• Stay Dry Tubing – available in standard or thick sizes

Maintenance Tip: Change tubing every three to six months or whenever it becomes discolored or loses its shape.

Hearing Aid Wax Traps

Some hearing aids have wax traps, also known as wax guards or wax filters, that fit the receiver. Wax traps are designed to prevent wax, moisture, and debris from getting inside the hearing aid and causing it to malfunction. The wax traps have small holes that can get plugged up and cause the sounds to be weakened, indicating that it's time to change them. 

The amount of wax your ear produces determines how often you need to change the wax traps. Some people need to change theirs every couple of weeks, while others can go for several months. Check your manufacturer's instructions on how to change the wax traps because they can vary in design and usually require a unique tool to remove and insert.

Maintenance Tip: Keeping your ears free of wax by using an earwax removal system can help reduce the frequency of replacing wax traps and other hearing aid parts.

Hearing Aid Cleaning Tools


One of the most important maintenance practices is knowing how to clean hearing aids. There are several different cleaning supplies to keep your hearing aid performing at its best.

  • Wire/Wax Loop and Brush – Most hearing aids come with a wax remover loop or wire and a small brush designed to remove earwax that often builds up. When the tubing, earmold, or tip is clogged, it can interfere with the quality of sound. Depending on the manufacturer, your hearing aid cleaning tool may have a long wax wire or a short wax loop on one end and a small brush on the other end. The brush can also be used to clean the microphone gently.
  • Cleaning Sprays and Wipes – You can buy sprays or wipes made to clean and deodorize parts of your hearing aids. Some of these cleaners contain a disinfectant that effectively kills harmful bacteria, viruses, and fungi that may be found on the earpieces.
  • Hearing Aid Air Blower – If you often sweat or get the area around your hearing aid wet, moisture can block the opening in your tips and tubing. Water often accumulates if the earmold doesn't have a vent hole. When build-up prevents you from hearing correctly, sometimes it's better to use an air blower. A tubing air blower works by forcing condensation and debris out of the hearing aid.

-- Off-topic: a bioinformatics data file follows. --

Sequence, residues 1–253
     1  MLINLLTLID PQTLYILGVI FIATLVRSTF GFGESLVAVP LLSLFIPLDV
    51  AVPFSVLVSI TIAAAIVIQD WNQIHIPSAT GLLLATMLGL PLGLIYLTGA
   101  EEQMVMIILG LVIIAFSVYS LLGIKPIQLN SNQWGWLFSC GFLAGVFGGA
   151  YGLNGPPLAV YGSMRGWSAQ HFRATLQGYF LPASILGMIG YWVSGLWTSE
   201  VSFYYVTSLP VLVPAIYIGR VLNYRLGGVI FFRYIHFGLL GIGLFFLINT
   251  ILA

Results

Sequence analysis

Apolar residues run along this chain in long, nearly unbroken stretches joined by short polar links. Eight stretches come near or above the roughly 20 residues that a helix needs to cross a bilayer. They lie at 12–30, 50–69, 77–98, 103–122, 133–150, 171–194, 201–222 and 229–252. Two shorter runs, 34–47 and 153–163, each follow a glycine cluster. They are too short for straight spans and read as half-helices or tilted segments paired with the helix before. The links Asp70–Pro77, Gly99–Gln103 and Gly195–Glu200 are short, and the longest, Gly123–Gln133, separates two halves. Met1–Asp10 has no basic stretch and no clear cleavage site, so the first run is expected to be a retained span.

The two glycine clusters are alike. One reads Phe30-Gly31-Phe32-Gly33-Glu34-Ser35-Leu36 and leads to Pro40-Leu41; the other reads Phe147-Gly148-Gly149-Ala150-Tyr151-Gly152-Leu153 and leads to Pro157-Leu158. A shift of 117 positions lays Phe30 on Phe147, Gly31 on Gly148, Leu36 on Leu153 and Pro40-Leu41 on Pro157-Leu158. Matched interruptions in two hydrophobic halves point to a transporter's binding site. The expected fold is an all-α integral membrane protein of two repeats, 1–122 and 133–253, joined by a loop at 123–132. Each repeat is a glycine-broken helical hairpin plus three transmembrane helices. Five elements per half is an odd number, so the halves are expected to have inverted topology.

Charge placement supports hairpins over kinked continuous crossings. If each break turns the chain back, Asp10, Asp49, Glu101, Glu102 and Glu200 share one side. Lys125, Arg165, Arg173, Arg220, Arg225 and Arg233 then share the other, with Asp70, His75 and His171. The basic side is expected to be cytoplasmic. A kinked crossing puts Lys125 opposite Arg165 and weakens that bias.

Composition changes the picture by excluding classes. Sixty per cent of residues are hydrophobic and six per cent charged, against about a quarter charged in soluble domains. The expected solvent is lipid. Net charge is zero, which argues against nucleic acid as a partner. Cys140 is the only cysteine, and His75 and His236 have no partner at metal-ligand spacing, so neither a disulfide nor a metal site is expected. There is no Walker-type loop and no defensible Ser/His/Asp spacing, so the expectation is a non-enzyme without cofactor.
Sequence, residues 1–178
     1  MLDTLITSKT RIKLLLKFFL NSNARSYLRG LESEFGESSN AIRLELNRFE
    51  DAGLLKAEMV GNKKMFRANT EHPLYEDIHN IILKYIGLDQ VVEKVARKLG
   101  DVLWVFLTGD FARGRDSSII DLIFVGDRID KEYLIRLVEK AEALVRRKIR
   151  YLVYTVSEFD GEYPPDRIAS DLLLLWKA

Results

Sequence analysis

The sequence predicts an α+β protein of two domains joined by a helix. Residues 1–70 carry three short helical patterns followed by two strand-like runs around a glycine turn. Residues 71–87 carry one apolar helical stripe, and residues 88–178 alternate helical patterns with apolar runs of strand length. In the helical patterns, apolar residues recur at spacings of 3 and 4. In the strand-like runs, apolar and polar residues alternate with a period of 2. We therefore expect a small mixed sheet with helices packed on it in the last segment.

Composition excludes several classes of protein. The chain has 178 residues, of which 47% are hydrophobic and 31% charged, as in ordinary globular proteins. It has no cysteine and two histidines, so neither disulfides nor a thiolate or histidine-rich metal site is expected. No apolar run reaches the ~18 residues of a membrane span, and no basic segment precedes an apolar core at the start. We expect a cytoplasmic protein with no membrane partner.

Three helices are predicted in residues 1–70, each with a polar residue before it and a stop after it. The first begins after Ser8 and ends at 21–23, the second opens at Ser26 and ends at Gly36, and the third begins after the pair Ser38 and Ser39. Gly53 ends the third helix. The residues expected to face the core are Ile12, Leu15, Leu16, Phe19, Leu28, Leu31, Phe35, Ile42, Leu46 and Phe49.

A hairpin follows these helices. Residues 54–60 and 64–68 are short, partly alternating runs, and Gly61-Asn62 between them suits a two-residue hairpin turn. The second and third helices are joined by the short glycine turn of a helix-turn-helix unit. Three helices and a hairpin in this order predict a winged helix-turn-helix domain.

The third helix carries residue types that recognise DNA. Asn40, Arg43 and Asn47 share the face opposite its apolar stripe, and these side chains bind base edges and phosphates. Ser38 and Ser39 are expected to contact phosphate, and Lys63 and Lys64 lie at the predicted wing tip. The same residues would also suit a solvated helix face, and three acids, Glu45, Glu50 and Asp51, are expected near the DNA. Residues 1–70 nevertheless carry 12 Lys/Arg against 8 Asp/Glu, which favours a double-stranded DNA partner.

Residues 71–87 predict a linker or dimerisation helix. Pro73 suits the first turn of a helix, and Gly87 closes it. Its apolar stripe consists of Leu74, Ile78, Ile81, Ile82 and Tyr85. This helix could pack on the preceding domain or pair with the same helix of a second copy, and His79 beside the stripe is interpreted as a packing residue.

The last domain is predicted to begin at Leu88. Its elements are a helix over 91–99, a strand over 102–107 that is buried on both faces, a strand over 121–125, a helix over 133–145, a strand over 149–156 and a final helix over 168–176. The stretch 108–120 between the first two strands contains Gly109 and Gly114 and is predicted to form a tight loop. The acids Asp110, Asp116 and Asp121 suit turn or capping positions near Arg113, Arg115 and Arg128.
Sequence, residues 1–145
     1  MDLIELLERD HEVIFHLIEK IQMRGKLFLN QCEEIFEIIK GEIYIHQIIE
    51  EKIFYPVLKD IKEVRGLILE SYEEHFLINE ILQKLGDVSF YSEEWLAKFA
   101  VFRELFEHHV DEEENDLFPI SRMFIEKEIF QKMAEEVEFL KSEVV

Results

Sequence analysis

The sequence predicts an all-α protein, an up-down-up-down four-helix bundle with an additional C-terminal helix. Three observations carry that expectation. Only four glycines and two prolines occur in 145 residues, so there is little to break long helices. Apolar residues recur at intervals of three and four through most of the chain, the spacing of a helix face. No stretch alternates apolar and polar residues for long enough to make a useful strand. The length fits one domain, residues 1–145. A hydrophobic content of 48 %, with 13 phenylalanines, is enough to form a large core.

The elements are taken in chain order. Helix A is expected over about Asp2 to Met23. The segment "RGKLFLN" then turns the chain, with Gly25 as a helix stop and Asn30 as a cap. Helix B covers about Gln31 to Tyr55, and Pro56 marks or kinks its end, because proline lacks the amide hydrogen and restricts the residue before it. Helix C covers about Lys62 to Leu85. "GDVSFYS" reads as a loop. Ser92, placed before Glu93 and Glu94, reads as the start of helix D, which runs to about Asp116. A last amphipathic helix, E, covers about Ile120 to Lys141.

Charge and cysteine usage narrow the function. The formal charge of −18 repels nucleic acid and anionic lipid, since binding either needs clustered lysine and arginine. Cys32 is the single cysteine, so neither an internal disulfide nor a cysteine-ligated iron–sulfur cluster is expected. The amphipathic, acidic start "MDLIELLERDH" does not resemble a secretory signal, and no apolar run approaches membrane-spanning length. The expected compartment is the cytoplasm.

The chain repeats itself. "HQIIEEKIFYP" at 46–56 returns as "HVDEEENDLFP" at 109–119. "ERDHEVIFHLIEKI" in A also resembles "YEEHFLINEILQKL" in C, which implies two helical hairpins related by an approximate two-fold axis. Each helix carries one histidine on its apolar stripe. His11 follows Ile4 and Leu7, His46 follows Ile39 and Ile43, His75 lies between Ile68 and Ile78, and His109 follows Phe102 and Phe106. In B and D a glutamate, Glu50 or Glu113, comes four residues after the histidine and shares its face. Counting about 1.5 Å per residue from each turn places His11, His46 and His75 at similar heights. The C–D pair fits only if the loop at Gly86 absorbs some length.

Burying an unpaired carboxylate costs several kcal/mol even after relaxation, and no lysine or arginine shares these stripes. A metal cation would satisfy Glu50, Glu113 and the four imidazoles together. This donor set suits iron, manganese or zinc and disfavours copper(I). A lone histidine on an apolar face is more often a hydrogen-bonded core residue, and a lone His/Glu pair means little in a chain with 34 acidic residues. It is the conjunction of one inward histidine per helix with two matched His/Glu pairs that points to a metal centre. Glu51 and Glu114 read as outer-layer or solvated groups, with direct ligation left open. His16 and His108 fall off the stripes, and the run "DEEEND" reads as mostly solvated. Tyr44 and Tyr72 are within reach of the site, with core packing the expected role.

Maintenance Tip: Don't use water or alcohol to clean your hearing aid because they can damage the electronic components. Instead, use a microfiber cloth to wipe away contaminants.

Hearing Aid Dehumidifiers and Sanitizers

Moisture can build up in all areas of your hearing aid, especially if you live in a humid climate. When water collects, it can block the tubing so that sound can't get through. Moisture can also damage the electronic components and battery compartment, causing corrosion and rust. There are several products designed to get rid of moisture in your hearing aids.

  • Dehumidifier Jar – Non-electric or battery-powered drying cups contain a desiccant substance designed to absorb sweat, condensation, and other types of moisture. The desiccant can be in various forms, including linings, discs, and beads.
  • UV-Clean and Dry Box – Electric dehumidifiers use heat to eliminate moisture and ultraviolet (UV) light to kill bacteria, viruses, and other harmful germs. Unlike regular hearing aid dryers, UV cleaners sanitize your hearing aids.

Maintenance Tip: Dehumidifiers last for six months to two years, so you can store your hearing aids in a dehumidifier overnight rather than in your regular carrying case.


Your hearing aids have several vital components that make them effective at helping you hear better. The microphone, amplifier, and receiver are fragile and can be easily damaged. That's why it's important to know how each one works and to understand the care that’s needed. 

Other parts (like the batteries, earmolds, tips, domes, and tubing) don’t take much to keep clean or replace. However, when moisture, ear wax, and debris build up, it can prevent you from hearing clearly. With the many cleaning tools and dehumidifiers available, regular maintenance becomes an easy enough task.

There are many top hearing aid brands on the market, but MDHearing offers doctor-designed and FDA-registered devices along with all the hearing aid supplies you need. When you buy from us, you have the option of getting extra coverage for the repair or replacement of your hearing aids through the MDShield Protection Plan. If you or a loved one have trouble hearing, you can take our free online hearing test for immediate results.